This past week, ONE fellow and Washington Post columnist Michael Gerson was at Wheaton College in Illinois, where he participated in a post-election panel discussion with former Speaker of the House Dennis Hastert and others. Mr. Gerson also spoke at Edman Chapel on campus this morning.
A graduate of Wheaton College and current Hastert Center Fellow, Mr. Gerson is no stranger to campus. We were just there a few weeks ago, where we met with student leaders who were excited to take up the charge to fight extreme poverty across campus with ONE.
Getting to know Mr. Gerson and his passion for beating back global poverty, especially through smart policies like PEPFAR, has been a bit of an inspiration for us at ONE.
Here’s a snippet of his Wheaton chapel address:
“I’ve met nuns in Ethiopia who care for HIV-positive orphans, and a pastor in South Africa who promotes AIDS prevention among sex workers, and a pastor’s wife in Zambia who delivers patients to the hospital by bicycle, and a nurse in Uganda who began paying for the AIDS drugs of patients with her own money. By worldly standards, these are buried lives in remote places. They are actually some of the most powerful representatives of God on earth…
But compassion is also a corporate responsibility, in which all of us have a part. Evangelicals in the 19th century not only helped slaves, they opposed slavery. During the industrial revolution, they not only cared for orphans, they fought against child labor. And the fight against global disease, likewise, is both a personal calling and a national commitment.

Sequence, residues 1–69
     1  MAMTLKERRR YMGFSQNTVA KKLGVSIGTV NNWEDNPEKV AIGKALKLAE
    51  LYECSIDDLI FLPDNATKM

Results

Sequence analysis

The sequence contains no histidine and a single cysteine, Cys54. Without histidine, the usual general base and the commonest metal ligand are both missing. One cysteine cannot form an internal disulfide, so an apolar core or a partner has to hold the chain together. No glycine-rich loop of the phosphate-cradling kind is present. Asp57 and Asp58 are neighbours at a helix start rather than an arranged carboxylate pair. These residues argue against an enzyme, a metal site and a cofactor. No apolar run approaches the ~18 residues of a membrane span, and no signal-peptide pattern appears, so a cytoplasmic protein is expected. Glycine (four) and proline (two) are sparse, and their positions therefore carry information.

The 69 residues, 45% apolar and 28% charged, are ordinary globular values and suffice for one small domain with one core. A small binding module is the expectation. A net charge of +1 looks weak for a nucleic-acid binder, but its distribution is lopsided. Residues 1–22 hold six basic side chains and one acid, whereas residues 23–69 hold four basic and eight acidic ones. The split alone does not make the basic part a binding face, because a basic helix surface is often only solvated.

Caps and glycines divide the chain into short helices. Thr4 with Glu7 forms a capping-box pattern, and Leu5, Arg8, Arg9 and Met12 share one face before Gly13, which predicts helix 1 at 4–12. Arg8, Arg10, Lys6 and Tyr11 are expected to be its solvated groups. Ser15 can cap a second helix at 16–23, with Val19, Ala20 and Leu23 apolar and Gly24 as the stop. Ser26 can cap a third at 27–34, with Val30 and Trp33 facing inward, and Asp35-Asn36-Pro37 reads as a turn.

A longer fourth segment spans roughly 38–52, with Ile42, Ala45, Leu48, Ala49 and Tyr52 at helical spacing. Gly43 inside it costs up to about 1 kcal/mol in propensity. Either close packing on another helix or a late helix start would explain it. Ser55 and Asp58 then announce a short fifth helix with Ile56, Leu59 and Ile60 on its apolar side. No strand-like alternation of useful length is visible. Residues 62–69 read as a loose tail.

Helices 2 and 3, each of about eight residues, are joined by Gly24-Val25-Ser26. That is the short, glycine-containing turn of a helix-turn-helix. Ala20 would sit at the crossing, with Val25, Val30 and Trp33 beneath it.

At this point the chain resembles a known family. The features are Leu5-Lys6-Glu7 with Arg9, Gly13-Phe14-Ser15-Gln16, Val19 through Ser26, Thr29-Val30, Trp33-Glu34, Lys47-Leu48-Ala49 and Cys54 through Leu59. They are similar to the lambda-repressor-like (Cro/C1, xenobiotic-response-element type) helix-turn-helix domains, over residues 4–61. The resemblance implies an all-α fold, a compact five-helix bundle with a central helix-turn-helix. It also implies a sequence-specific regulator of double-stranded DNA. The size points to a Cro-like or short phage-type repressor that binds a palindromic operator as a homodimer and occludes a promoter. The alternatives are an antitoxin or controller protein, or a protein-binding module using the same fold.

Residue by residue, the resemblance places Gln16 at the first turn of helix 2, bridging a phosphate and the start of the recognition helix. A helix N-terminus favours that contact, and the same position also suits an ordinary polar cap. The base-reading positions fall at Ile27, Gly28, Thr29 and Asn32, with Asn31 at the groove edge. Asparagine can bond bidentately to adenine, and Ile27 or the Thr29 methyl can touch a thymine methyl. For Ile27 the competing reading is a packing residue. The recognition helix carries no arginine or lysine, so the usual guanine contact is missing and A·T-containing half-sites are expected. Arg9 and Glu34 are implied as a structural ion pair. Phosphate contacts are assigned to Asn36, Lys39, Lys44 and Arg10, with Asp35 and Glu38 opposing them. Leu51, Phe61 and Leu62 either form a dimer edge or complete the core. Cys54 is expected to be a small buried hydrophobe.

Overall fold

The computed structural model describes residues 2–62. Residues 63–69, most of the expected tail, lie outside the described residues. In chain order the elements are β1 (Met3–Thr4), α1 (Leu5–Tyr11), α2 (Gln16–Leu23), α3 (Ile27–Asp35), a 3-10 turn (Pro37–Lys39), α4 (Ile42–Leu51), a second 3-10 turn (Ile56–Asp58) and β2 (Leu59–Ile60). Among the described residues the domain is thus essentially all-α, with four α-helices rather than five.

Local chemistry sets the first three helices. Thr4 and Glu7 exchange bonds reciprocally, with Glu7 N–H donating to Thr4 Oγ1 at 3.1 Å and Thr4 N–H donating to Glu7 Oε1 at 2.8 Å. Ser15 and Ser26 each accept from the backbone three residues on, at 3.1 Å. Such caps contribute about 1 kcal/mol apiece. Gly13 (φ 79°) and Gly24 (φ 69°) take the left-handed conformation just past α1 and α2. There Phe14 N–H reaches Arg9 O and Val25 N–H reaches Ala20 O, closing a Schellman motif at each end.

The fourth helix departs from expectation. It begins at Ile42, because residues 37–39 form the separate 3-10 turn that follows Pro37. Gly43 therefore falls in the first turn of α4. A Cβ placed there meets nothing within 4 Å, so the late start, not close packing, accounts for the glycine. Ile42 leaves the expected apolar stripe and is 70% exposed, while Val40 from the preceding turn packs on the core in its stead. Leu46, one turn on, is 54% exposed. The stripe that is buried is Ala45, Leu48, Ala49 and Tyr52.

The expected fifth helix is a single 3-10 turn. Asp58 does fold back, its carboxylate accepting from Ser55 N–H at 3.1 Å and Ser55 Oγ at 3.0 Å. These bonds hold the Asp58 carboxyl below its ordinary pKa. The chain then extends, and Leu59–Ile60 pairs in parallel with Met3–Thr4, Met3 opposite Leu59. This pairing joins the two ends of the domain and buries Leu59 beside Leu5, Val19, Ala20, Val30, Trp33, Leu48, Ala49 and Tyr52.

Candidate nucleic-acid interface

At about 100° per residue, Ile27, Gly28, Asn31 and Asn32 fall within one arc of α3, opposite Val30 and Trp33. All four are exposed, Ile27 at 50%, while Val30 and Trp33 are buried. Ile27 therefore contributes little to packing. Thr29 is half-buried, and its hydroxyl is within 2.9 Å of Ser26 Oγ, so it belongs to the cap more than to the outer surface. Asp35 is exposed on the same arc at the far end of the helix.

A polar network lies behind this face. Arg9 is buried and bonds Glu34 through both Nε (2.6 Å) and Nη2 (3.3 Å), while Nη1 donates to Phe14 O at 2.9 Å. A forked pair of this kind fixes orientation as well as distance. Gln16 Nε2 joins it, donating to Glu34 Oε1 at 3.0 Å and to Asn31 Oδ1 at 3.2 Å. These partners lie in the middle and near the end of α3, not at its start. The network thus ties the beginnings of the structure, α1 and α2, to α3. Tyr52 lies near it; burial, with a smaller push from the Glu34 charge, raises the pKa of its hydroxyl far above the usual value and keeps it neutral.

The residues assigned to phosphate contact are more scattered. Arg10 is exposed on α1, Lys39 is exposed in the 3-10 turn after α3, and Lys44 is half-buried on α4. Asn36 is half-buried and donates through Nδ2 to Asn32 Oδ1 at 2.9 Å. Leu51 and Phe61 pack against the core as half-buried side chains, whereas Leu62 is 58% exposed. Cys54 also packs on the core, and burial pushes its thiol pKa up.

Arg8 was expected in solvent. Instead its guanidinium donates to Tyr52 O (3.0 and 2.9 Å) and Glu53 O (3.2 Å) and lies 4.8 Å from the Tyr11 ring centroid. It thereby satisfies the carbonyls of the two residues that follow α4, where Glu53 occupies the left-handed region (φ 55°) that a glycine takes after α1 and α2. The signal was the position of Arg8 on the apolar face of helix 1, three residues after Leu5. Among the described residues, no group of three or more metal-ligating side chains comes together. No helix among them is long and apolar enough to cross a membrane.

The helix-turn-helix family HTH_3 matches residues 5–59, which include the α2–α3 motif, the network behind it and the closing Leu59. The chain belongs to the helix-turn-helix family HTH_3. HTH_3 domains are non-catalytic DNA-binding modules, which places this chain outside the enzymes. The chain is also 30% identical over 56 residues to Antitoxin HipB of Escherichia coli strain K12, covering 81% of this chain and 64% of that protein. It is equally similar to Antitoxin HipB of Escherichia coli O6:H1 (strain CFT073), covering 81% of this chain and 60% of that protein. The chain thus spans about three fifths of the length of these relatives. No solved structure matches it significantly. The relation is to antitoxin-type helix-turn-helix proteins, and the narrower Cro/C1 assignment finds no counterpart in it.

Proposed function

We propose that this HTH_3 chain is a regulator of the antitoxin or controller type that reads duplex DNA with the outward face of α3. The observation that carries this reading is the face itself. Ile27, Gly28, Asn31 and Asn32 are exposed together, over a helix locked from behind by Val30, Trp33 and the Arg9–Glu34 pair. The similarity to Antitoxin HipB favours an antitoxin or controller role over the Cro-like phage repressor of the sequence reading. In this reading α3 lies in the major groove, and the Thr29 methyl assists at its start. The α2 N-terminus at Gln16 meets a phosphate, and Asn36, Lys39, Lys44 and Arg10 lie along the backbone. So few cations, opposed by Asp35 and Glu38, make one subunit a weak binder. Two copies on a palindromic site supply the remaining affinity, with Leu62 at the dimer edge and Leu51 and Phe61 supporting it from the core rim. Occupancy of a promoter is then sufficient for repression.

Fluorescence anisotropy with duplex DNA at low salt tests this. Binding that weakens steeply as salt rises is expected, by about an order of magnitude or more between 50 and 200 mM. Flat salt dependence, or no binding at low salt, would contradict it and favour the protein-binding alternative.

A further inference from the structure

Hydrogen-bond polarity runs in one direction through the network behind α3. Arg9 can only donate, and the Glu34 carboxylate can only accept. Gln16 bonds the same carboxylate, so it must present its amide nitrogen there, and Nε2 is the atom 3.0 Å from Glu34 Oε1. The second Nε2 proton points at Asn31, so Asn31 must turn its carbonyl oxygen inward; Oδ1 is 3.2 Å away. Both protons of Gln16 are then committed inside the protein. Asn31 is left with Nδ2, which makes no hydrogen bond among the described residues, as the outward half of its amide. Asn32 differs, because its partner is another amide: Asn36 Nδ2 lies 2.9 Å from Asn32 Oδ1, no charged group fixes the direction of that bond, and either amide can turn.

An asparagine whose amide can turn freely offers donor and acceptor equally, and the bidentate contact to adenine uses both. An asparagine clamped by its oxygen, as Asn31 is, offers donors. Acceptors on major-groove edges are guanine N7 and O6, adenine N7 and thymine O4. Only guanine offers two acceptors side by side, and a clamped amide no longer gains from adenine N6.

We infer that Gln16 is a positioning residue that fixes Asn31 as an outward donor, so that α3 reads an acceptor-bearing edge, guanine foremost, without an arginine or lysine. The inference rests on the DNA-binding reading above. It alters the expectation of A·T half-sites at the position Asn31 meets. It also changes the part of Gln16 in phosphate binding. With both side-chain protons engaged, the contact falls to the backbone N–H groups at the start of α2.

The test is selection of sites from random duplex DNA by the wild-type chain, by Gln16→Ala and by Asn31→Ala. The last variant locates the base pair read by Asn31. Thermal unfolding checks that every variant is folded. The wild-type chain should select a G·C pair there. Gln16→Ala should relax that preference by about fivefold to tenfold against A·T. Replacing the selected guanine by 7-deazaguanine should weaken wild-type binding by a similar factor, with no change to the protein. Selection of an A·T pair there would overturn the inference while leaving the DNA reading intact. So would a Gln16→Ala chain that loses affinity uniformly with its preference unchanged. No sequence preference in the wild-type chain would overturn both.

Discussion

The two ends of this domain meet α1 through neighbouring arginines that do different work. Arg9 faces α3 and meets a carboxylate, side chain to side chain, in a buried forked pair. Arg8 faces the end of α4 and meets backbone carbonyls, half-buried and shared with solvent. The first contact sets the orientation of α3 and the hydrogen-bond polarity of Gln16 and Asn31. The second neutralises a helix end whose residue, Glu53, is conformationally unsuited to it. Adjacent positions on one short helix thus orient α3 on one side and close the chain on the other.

My best experience in government was this: I sat in the Oval Office and watched President George W. Bush make the decision to approve the President’s Emergency Plan for AIDS Relief – PEPFAR – the largest initiative to fight a single disease in human history. And I’ve seen the results. Until five or six years ago, in that orphanage in Ethiopia I mentioned earlier, the sisters could only hold the hands of children as they died. Not a single one survived. Some of the infants were blinded by infections. Some of them, I was told, asked the sisters, ‘Why can’t you come with me where I am going. Why do I have to go alone.’
But then the AIDS drugs started arriving. Now almost no children are dying at that orphanage. I saw infants who had their sight restored. I met children who had come back from the brink of death like Lazarus. It is the closest I have ever come to seeing the miracles of the New Testament. Americans should know about it and be proud of it – and Christians should be the strongest base of support for such works of healing and mercy. It is one public way of showing the image of the God we serve.”